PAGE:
Jennifer said she didn't really know, that she went to her computer with an open mind and heart, writing what she feels. Sometimes she gets it right immediately, but she's also constantly reworking her prose.

Caprice said that when her writing is really flowing, she doesn't even want to sleep. Sometimes that's her best writing.

Megan said some of writing is a gift, the rest is craft, and that in her final product she can't tell the difference between pages she struggled over and those that happened with little effort.

Jennifer said that while writing sometimes feel like hard work, she never looks at it as a boring job; it's a privilege to be a writer.

Carrie said writing is a precious gift but also a craft. There are tons of amazing geniuses but not all end up being working writers. Many people have brilliant ideas but can't express them. She quote the film Finding Forrester (not a great movie, she said): the most important thing is simply to write.

Writing isn't a divine gift, Carrie said. Your writing will resonate with some people and not others.

Ned mentioned Dostoevsky and how many of his great novels were occasioned by the urgent need to support his family and pay off his gambling debts. He asked the writers about their typical writing day.

Jennifer said she's not strict about it, that she'll go to a café, write in her journal and get on the phone to argue to someone that chick lit has set women's writing back hundreds of years. (This seemed to change the tenor of the discussion). Jennifer noted that she's got a baby and must be flexible because of that.

Caprice said she doesn't have a set schedule and often writes from 11 p.m. to 3 a.m. Megan said she doesn't have a set schedule either and likes being able to go to movies in the morning and never argues with anyone about chick lit. Carrie said she's had a partner and has kids so she can't have a set schedule either.

Ned then took up the question of chick lit.

Jennifer said her first and second books came out before the term chick lit was invented by a magazine writer and then it began being used, much to the financial detriment of women writers whose work is monetarily devalued as mere chick lit. She said she doesn't think anyone really sets out to write chick lit – not her students at the New School, whose meaningful books list show gender differences. Every woman student mentions books by men as well as women authors, but no male student ever mentions a woman author as his favorite. No man will ever buy a book marketed as chick lit, and Jennifer thinks that's sad. She's not a chick lit author but an angry writer girl.

Caprice said she was surprised to learn that this panel would be called "We Love Chick Lit": "Who knew?" The problem is that we are limiting ourselves to only half the potential audience. Chick lit, she said, is 8 letters that can be rearranged into two 4-letter words. One way of looking at it, though, is that women are the vast majority of book readers. She's written a book with an alternating point of view, male and female, saying she doesn't want to limit herself.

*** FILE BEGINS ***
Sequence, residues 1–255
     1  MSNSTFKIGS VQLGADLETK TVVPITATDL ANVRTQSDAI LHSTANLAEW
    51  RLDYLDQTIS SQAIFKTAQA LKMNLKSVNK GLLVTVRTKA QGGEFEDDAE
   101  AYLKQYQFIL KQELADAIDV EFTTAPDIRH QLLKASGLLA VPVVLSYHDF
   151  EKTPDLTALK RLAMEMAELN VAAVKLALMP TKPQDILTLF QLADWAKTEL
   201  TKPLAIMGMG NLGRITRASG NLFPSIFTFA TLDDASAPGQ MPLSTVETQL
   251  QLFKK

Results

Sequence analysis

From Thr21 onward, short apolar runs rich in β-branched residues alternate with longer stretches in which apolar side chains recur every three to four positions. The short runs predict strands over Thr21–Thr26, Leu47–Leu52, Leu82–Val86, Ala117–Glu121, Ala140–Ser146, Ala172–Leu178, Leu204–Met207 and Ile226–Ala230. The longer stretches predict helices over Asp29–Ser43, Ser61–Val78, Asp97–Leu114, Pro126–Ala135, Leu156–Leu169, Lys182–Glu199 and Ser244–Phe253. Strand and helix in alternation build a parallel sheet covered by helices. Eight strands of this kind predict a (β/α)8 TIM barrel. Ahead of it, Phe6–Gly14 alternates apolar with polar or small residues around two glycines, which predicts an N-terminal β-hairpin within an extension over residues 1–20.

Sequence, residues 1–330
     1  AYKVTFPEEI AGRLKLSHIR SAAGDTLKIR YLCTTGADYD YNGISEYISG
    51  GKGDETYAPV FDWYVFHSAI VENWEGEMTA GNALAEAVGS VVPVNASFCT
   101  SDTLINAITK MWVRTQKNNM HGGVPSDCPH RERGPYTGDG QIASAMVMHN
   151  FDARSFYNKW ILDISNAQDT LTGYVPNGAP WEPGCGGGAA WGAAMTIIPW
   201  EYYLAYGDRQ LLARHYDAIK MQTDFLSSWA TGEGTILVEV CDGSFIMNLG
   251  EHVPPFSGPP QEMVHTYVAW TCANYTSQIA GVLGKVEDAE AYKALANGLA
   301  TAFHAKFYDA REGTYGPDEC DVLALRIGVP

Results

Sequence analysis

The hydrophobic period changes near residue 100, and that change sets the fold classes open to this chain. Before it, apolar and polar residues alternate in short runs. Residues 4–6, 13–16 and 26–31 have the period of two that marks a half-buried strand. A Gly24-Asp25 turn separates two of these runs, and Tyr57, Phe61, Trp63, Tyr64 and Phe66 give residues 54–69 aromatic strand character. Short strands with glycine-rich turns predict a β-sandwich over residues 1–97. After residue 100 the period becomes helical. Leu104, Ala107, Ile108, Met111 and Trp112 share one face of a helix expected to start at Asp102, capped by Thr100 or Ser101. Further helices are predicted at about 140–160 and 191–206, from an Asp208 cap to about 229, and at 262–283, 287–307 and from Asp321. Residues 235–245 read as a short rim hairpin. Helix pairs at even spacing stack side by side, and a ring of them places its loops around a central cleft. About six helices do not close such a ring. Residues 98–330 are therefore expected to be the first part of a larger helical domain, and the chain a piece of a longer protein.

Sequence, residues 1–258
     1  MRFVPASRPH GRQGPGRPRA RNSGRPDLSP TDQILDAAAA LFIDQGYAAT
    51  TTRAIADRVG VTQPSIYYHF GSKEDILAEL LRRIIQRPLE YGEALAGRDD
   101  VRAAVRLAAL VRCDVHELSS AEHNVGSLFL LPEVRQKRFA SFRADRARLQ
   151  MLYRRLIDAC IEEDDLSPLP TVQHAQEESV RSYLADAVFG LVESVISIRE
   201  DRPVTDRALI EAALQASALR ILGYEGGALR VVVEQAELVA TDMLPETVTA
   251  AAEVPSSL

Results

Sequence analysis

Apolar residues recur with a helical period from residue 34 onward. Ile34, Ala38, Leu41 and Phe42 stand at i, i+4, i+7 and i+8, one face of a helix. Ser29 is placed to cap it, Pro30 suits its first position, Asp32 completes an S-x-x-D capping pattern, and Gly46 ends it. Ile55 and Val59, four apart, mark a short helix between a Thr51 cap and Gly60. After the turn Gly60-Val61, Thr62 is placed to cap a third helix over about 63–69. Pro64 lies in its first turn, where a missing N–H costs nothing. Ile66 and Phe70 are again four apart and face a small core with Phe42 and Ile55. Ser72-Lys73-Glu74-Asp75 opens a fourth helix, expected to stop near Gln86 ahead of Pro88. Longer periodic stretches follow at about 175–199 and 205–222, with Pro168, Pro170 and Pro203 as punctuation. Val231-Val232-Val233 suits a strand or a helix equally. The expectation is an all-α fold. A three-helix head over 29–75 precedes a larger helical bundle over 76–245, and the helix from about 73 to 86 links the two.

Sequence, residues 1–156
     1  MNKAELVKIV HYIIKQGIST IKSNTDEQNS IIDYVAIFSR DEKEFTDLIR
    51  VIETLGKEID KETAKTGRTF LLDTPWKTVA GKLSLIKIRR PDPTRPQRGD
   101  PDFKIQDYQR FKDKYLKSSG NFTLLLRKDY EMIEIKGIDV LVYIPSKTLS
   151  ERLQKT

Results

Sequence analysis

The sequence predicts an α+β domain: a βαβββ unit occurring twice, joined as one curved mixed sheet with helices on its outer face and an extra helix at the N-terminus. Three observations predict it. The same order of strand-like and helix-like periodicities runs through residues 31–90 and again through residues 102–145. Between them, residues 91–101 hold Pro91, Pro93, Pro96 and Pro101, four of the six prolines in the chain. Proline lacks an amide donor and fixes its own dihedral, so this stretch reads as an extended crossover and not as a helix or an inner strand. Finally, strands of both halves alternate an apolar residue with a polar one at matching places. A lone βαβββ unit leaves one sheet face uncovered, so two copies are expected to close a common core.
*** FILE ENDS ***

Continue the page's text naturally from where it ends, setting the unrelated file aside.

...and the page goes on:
Megan said simply that she hopes everyone will read her books and that chick lit was just a marketing term; it's also allowed voices to be heard that were not before (Jennifer shook her head vigorously at this). Megan said chick lit gives insight into different women's lives and that's good.

Jennifer replied that there were just as many books by women published before chick lit existed, and Megan asked her to name some of them; Jennifer said she was one of many and that "you demean yourself" by calling yourself a chick lit author.

Carrie said she had no problem with chick lit, that one of her books was called "gossip lit" in the New York Times. Some people are offended by categories, but that's how things are marketed.

Megan said if chick lit creates a debate, that's good.

Ned asked about lad lit as a male equivalent, and the panel said there's not really such a thing, that men don't buy so-called lad lit books and women don't either.

Jennifer said she's just glad her new book doesn't have a cover with women's legs, and someone in the audience said she thought chick lit was all about the same story of an urban young woman in a shitty job trying to have a good relationship with a guy. That to her was chick lit.

Megan said no, that's how chick lit started but it has evolved. Jennifer again noted that chick lit allows publishers to pay women authors a fraction of what they pay men, but the others on the panel disagreed.

An agent in the audience said some of her "literary" male authors don't make as much as her chick lit authors. More women buy books, the agent said, and more buy chick lit books than any other genre, so it's a good way to get readers into bookstores. The agent noted that she gets a lot of chick lit manuscripts from would-be clients, but that lad lit doesn't work and writers themselves aren't really interested in producing it.

An audience member said she hated pink, fluffy chick lit covers. No guy, she said, would ever buy a pink book. Carrie said lots of people do love pink covers, that they have come back in fashion after a hiatus.

Near the end of the panel, an audience member asked what writers the panelists were inspired by.

Jennifer said Jean Rhys, Chekhov, Salinger, Tennessee Williams and others. Caprice gave a shout-out to J.K. Rowling and said she likes Jonathan Tripper a lot but was also inspired by early books like The Poky Little Puppy, and when she was a bit older, The Little Prince. Megan said she loved comfort books, like romances, which are predictable, and mentioned Nora Roberts and David Feinberg. Carrie said she loved Dostoevsky, Austen and especially Nabokov, but the book that most inspired her most to write was Donna Tartt's The Secret History.

Soon the hour was up and Ned thanked the panelists. All their books were on sale, and a number of the people in the audience went up to buy books and speak with the authors under the statue of William E. Dodge, the nineteenth-century industrialist, abolitionist and advocate of temperance, as a woman began to play a chartreuse piano and the rain, which had held off all day, started to come down a bit more heavily.